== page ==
A little over two years ago, I found myself breaking into a home that wasn’t mine.
I was living in an unfamiliar city, and I’d locked myself out of my rental apartment. As I was trying to crawl through the second story window — don’t ask how — a neighbor called down to see if I needed some help. Despite the fact that we’d never met, she let me in the front door to retrieve my keys.
I was renting a one-bedroom walk-up near the corner of 117th and Malcolm X in New York City. My apartment was a few blocks from Marcus Garvey Park and an easy walk down Adam Clayton Powell Jr. Blvd. to the famous Apollo Theater on 125th.
I was the only white man living on my street.
Despite the fact I was clearly a stranger, nobody called the police to report a suspicious man trying to break into an apartment. Instead, my neighbor asked if I needed help and provided it. This, despite the neighborhood having one of highest reported crime rates in the city, just below Times Square.
Given the amount of crime I witnessed, consisting of one white guy from Utah breaking into an apartment, I have to wonder how such statistics are gathered.
I was there to work with NASA’s Goddard Institute of Space Studies, and I rented this apartment because it was just north of Central Park and close to Columbia University, where NASA GISS is located. During several other trips to New York, I’d stayed in the hotels near Times Square, and I wanted to experience living in one of the residential areas of the city.
“Are you familiar with the neighborhoods here in New York, honey?” asked June, the woman renting the apartment, as soon as she learned I was from Utah. When I got off the subway on 125th Street, I knew why she asked. I was accustomed to crowds, having spent a lot of time in midtown, but I was not accustomed to being one of the very few white people.
And nobody seemed to care.
I grew up in Colorado and went to a high school with precisely three African American students in my graduating class. I was raised in a neighborhood where I rarely met people who weren’t white. Living in Harlem, I learned a lot about people who are not “like me.” I became acquainted with some of the boisterous young men hanging out by the local takeout joint. I found out that the older gentleman sitting on his stoop playing jazz music from his iPhone was only one of the several neighborhood DJs who, on a regimented schedule, entertained the block for a couple of hours every weeknight. I learned that folks in this part of New York were early risers, even on Sundays, when hundreds of families would triple park on the next street over to attend services at the Canaan Baptist Church (Motto: “Everyone Welcome”).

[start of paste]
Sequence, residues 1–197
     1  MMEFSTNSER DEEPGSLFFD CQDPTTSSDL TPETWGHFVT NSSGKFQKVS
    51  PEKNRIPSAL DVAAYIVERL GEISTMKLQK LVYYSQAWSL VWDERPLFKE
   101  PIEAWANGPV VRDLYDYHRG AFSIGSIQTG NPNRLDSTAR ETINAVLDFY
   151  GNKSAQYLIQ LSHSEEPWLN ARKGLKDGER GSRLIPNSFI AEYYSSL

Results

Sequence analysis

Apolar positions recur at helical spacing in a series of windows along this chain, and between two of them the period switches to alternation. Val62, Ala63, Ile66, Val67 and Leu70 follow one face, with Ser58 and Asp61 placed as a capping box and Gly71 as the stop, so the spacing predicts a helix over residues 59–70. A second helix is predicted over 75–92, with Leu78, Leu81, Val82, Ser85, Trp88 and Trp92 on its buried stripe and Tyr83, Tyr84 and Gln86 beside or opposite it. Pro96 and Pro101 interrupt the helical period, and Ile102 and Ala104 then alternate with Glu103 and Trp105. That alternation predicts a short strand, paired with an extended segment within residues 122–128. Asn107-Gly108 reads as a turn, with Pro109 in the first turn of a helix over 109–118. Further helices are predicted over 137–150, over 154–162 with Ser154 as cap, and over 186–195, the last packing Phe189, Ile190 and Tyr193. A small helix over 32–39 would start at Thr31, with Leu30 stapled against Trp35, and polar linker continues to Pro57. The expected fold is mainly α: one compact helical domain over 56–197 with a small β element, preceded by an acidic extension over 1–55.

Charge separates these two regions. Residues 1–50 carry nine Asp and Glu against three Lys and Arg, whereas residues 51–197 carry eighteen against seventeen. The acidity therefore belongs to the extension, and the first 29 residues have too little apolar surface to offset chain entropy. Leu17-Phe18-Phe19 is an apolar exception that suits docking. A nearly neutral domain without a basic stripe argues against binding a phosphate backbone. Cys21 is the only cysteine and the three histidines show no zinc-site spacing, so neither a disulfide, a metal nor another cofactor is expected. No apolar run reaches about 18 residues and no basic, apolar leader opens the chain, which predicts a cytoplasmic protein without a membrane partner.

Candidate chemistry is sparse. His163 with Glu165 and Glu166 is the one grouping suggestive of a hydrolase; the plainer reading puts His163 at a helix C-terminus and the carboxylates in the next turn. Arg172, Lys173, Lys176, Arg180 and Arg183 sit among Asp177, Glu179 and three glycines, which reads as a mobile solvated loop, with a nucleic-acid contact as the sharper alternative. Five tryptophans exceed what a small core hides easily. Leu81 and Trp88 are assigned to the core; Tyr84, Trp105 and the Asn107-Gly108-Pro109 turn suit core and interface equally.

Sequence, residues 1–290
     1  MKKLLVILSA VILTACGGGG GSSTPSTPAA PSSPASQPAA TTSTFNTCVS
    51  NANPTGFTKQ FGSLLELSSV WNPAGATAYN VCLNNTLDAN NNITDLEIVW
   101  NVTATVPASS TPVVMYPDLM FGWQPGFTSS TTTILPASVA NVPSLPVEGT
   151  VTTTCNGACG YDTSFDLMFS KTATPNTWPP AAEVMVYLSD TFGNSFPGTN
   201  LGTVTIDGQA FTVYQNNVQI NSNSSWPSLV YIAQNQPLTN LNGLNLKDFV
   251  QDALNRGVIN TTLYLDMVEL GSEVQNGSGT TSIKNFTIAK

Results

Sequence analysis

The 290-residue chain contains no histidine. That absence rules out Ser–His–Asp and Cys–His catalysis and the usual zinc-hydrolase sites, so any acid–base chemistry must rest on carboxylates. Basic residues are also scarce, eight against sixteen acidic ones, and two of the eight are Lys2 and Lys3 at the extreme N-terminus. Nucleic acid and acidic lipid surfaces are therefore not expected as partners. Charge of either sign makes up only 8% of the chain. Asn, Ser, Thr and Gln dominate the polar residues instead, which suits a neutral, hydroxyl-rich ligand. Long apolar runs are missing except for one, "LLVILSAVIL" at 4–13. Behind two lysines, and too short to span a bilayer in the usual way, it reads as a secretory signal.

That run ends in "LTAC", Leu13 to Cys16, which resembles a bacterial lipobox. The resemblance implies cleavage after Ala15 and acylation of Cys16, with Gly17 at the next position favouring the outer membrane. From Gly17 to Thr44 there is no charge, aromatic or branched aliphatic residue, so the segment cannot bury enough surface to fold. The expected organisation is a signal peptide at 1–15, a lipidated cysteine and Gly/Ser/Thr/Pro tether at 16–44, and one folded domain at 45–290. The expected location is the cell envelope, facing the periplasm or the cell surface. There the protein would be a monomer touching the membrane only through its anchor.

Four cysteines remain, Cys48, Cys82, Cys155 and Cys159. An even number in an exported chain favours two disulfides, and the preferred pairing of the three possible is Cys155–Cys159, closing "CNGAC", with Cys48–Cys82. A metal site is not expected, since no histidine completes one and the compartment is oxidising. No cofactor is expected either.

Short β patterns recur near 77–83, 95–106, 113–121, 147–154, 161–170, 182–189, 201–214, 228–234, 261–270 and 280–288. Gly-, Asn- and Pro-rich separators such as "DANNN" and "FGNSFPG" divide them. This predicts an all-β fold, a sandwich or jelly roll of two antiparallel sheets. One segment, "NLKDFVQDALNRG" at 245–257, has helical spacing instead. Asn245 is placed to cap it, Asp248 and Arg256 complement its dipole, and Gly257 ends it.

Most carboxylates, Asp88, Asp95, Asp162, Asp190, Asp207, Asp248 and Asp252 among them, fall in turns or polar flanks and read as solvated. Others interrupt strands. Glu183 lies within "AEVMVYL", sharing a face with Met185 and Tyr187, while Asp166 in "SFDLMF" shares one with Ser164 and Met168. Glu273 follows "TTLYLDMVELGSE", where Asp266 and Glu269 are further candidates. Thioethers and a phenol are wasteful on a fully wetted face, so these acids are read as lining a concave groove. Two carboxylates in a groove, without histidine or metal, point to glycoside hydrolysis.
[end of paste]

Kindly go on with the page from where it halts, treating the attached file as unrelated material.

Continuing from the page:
They were just people living life in their neighborhood, people who welcomed a white guy from Utah and didn’t seem predisposed to calling the cops when they caught me breaking into what was, until recently, somebody else’s apartment.
Living and working in Harlem is, to date, one of the best experiences of my life. And while working at NASA was the professional highlight, one of my favorite experiences was attending a screening of “Black Panther” at the outdoor theater in Garvey Park. For those of you who aren’t up on the Marvel franchise, “Black Panther” tells the origin story of a super hero from the fictional African country of Wakanda, the most technologically advanced nation in the world.
As the film started, the crowd began to chant, “Harlem is Wakanda! Harlem is Wakanda!”
In addition to a screening of the film, the organizers put on a Wakanda Fashion Show, where area artists showcased their talents by creating runway collections inspired by the film. The local colleges also ran a “Makers Lab” where students demonstrated projects in engineering and robotics. Through all of this, I was exposed to ideas in art and science I don’t normally see back home in Ogden.
But despite the talents on display in Garvey Park, not many people from Harlem are students at Columbia University, and an even smaller fraction are faculty there, a mere six blocks away.
It’s 2020. We have a lot of crises facing our nation, and to solve them, we don’t need just people like me. We need everyone.